Dahl also wrote plenty of books and short stories for adults, but his children’s works stand out for their dark humor, startling plot twists, and outrageous characters like greedy Augustus Gloop in Charlie and mean Miss Trunchbull in Matilda—characters who almost always get their come-uppance in the end.
Literature, Popular Culture

Marilyn Monroe

Arts Days: September 15, 1954: The Blonde Bombshell
Standing over a subway grate with a train rushing by below, Marilyn Monroe titillated moviegoers when her skirt blew up in the wind.

The director of The Seven-Year Itch, Billy Wilder, had ordered this scene to be filmed repeatedly. The shooting was taking place at Lexington Avenue and 52nd Street in New York City, and as he ordered more takes, more people gathered around to ogle Monroe. She was one of a long line of movie blondes dating back to Jean Harlow, who appeared in the 1933 film, Bombshell. Movie fans have idolized these golden-haired beauties of film and television. Monroe may well be the most famous of them all.
Controversial, Fashion, Movies & Movie Stars, Popular Culture

Oh Susanna

Arts Days: September 11, 1847: America’s First Pop Hit
This American folk tune starts with lines that make absolutely no sense: “The sun so hot I froze to death/Susanna don’t you cry.” Yet Stephen Foster, the songwriter, was probably most concerned with just creating a hummable tune. And that he did. The song tells the story of a man going to New Orleans to see his beloved Susanna.

Filled with desire and longing, the man sings of dreaming of his love at night. Foster intended the song to be sung in minstrel shows, during which white performers often performed in blackface makeup. Traditionally the song is sung with only the accompaniment of a guitar and harmonica.
America, Controversial, Music, Music Legends, Popular Culture

Lockers

Arts Days: August 20, 1989: School Daze
Intentionally aimed at a teen audience that might be outgrowing cartoons, Saved by the Bell was filled with appealing actors like Mark-Paul Gosselaar (who played Zack) and Lark Voorhies (Lisa). This pioneer teen show ran for years during prime television-watching hours for kids—Saturday morning.

While critics panned it, pre-teens loved it. The show’s producers introduced topical teen themes and moral lessons, such as how the Bayside High gang coped with bullies and learned about the dangers of drinking and driving. Executives also came up with the idea of reuniting the cast for TV specials and spin-off series like Saved by the Bell: The College Years.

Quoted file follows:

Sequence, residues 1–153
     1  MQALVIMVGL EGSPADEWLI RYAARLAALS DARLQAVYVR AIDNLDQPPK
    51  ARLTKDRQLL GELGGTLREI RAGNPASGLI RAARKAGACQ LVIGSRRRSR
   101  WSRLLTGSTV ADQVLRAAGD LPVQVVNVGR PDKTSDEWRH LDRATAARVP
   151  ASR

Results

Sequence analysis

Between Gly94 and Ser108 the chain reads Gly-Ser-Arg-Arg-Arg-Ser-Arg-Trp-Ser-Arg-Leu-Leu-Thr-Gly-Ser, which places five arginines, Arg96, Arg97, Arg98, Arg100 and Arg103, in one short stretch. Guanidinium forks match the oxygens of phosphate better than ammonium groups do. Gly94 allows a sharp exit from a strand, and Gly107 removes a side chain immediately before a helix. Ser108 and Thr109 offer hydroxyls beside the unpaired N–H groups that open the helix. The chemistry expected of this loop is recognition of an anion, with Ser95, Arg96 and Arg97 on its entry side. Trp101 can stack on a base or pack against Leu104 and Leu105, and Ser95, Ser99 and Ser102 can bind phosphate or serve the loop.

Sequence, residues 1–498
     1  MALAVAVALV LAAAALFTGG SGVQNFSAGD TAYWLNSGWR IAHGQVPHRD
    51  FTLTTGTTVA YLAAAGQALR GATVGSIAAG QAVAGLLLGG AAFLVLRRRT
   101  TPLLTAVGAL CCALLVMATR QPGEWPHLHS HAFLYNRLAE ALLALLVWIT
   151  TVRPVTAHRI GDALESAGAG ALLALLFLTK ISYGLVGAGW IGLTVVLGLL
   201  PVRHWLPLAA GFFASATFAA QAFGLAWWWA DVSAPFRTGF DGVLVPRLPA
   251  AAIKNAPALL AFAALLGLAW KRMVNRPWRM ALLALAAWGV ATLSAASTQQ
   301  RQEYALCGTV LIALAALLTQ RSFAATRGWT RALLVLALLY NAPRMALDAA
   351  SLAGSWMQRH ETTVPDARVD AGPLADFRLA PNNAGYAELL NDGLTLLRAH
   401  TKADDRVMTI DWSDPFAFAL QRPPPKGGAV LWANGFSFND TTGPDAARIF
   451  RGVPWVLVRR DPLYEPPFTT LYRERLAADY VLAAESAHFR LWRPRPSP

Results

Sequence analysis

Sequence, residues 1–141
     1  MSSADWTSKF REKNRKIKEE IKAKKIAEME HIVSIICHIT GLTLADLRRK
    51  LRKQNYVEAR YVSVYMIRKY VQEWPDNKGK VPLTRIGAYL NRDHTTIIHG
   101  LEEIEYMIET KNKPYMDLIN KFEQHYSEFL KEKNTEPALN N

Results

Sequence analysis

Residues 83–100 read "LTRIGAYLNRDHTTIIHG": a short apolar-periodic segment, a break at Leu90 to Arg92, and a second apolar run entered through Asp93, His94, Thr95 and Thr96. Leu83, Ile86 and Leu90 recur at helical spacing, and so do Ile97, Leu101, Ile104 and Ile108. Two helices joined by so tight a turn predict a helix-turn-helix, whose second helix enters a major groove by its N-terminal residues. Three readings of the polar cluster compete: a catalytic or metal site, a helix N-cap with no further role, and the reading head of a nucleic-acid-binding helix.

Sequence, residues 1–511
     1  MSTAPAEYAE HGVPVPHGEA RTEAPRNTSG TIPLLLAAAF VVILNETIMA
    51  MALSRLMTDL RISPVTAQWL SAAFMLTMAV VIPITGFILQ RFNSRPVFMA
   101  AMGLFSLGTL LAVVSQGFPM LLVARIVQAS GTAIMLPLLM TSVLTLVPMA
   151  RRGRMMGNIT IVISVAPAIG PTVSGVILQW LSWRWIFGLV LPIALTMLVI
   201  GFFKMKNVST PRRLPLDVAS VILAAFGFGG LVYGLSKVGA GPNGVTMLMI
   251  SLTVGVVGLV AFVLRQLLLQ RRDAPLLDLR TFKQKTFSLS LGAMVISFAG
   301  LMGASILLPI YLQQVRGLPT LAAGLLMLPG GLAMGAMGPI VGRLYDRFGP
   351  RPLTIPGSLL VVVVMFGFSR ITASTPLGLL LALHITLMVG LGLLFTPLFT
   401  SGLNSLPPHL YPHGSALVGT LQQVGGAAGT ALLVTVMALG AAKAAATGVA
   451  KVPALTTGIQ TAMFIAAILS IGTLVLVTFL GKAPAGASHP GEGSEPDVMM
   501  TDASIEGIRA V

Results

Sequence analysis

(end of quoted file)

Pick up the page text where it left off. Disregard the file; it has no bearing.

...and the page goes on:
Television, Popular Culture

Bruce Lee Statue in Hong Kong

Arts Days: August 17, 1973: Kung Fu Mania Kicks Off
The violent yet elegant Chinese martial art broadly known as kung fu reached a huge new audience with the release of this film. Bruce Lee, its star and an acclaimed master of several martial arts, shot to international prominence.

Lee’s movie character uses his physical strength and philosophical gifts to dispatch a bad guy named Han, who dwells on a private island. Spectacular fight sequences show Lee dispatching Han and his henchmen with everything from roundhouse kicks to scary claw-like weapons. The action was a bit too rough at times, in fact; several actors were hospitalized during filming.

Though Lee died shortly before the premiere, Enter the Dragon kick-started the kung fu film genre popular to this day.
China, Innovators & Pioneers, Physical Activity, Popular Culture, Movies & Movie Stars

Woodstock Poster

Arts Days: August 18, 1969: Give Peace a Chance
Who knew that a weekend-long, live music festival slated for a farm in upstate New York would become a cultural touchstone for untold numbers of people?

The Yasgur dairy farm north of Woodstock, N.Y., was the scene for the Woodstock Music & Art Fair, a three-day long celebration that featured acts like Jimi Hendrix, Janis Joplin, Joan Baez, and Carlos Santana. Woodstock, as it came to be known, was attended by half a million people, by some estimates.

Some feared that such a large crowd would lead to roads shutting down from traffic or riots breaking out, but the event was remarkably peaceful, which is just what the organizers had wanted.
Music Legends, Rock & Roll, Art Venues, Music, Popular Culture

Aerosmith and Run-D.M.C.

Arts Days: August 28, 1975: Rock 'n' Rap
When the rock band Aerosmith cut this single in the mid 1970s, they probably didn’t know they were setting the stage for a mash-up of rock and rap a decade down the road.

In 1986, Aerosmith worked with rap duo Run-D.M.C. to make a new version of the song. Its tempo and rapid-fire lyrics lent themselves well to the full rap treatment. Aerosmith’s singer Steven Tyler and both halves of Run-D.M.C.—Joseph “Run” Simmons and Darryl “D.M.C.” McDaniels—shared singing/rapping duties on the new version.

The fun video for the remake—in which Tyler feigns indignation at the interlopers rapping his song, then dances with them—only helped the song rocket up the charts. It was the first major hit featuring the melding of rock and rap music.
America, Music, Popular Culture, Rock & Roll, Hip-Hop

Guinnes Book of World Records

Arts Days: August 27, 1955: A Matter of Record
The book that lists the measurements of the world’s tallest man and the greatest number of hot dogs eaten in one minute arose from a friendly argument about which game bird was fastest.

Hugh Beaver, then an executive at Guinness Breweries in England, had the idea to print a reference book listing the kind of random facts debated among friends over beer. He hired twins Norris and Ross McWhirter to write the first Guinness book, which was given away for free. Released in the U.S. the following year, it sold more than 70,000 copies.